The quality of structures in Nigeria, particularly those built by indigenous construction businesses and specialists, cannot be compared to those in affluent countries or even other West African countries such as Benin Republic, Togo, and Ghana. Many factors have been blamed for this dreadful condition, including a scarcity of trained tradespeople, the lack of national quality standards and codes of practise, and inadequate government regularity policies, to name a few. This study was carried out in order to determine the level of compliance with existing quality management standards in public building projects in Nigeria’s South-Eastern States, using the NIOB/NBC quality checklist. A structure’s quality is influenced by the construction methods, project quality management strategy, and project health and safety plan. The effectiveness of the quality management approach depends on a checklist document that guides on workmanship, construction materials, inspection, material sampling, and testing. The checklist sheet includes 62 characteristics that were deemed significant. The 62 variables were divided into eight categories: subsurface, timber, formwork, concrete work, steel reinforcement, block work, rendering, and roofing. The data were analysed using the weighted average mean index (Iimp), which varied from -2 to 2. The subsurface sub-sector came in first with a mean score of 1.5752, followed by the roofing sub-sector. Blockwork comes in last with a mean score of 1.3297, followed by the rendering sub-sector with a mean score of 1.3492. The 900 structured surveys distributed received 730 responses, reflecting an 81.1 percent response rate. Building professional associations and all levels of government regulatory authorities should provide quality control checklists and approved mechanisms for construction project monitoring.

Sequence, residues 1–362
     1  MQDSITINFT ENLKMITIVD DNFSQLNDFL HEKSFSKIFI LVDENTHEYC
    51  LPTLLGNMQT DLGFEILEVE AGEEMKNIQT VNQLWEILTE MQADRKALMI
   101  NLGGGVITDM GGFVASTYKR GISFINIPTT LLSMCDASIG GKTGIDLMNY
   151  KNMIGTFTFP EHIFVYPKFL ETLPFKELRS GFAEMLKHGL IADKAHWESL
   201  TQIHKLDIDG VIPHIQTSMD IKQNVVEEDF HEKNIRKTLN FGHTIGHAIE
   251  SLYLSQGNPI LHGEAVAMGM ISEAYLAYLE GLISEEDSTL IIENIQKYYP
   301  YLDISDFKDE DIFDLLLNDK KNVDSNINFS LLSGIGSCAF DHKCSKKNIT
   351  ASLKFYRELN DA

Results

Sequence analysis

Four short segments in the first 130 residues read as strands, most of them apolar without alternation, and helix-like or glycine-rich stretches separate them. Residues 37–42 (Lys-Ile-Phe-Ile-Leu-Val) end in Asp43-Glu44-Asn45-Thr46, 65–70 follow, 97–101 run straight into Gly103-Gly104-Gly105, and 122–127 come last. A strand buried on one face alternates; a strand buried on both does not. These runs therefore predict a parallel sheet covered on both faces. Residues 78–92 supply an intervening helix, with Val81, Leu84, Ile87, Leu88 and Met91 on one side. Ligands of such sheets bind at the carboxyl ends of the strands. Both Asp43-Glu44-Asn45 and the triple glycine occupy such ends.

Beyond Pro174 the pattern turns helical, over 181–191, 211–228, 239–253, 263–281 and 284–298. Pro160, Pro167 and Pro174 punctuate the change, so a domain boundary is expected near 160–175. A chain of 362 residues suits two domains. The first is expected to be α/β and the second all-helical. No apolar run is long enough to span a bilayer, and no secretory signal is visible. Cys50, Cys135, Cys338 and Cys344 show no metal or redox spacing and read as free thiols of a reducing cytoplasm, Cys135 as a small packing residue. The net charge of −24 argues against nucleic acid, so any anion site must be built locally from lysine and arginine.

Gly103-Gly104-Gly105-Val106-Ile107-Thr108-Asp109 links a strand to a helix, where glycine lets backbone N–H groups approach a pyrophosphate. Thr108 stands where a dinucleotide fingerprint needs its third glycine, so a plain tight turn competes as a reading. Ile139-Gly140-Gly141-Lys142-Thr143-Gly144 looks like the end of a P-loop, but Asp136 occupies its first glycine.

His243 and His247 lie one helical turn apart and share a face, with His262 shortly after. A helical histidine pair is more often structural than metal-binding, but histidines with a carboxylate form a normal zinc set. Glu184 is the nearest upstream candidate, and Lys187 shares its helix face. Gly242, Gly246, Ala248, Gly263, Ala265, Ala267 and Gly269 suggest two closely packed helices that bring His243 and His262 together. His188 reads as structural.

Author (S) Details
Opara Hyginus Emeka
Department of Civil Engineering, Imo State University, Owerri, Nigeria.